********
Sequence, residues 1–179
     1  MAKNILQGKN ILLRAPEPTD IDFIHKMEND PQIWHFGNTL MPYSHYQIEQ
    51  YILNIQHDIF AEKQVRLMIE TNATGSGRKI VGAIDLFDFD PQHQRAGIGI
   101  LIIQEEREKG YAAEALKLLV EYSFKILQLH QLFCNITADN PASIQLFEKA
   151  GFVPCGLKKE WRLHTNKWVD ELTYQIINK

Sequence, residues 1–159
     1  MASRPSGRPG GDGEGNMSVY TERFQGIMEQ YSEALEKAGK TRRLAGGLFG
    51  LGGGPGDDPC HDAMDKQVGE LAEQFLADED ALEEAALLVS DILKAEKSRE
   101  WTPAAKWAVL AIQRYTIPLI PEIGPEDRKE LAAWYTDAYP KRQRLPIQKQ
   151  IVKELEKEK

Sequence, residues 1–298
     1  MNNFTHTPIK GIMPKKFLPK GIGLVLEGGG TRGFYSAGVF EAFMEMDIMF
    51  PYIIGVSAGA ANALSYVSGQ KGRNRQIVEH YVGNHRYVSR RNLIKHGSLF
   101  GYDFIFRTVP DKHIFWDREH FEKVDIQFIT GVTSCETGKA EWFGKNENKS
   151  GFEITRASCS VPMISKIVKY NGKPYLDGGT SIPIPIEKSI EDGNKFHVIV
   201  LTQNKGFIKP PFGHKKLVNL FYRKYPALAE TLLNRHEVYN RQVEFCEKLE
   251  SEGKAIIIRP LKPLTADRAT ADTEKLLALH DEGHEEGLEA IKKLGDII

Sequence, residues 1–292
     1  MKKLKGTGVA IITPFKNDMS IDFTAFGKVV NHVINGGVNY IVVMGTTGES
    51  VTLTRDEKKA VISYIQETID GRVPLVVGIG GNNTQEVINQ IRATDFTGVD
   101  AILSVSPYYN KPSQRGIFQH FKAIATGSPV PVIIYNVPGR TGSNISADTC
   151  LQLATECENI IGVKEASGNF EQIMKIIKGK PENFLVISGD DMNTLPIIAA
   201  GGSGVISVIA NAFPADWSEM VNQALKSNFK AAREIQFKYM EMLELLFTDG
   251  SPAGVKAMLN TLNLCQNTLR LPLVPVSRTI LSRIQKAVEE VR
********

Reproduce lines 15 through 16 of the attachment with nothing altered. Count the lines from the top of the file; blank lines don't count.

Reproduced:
   151  GFEITRASCS VPMISKIVKY NGKPYLDGGT SIPIPIEKSI EDGNKFHVIV
   201  LTQNKGFIKP PFGHKKLVNL FYRKYPALAE TLLNRHEVYN RQVEFCEKLE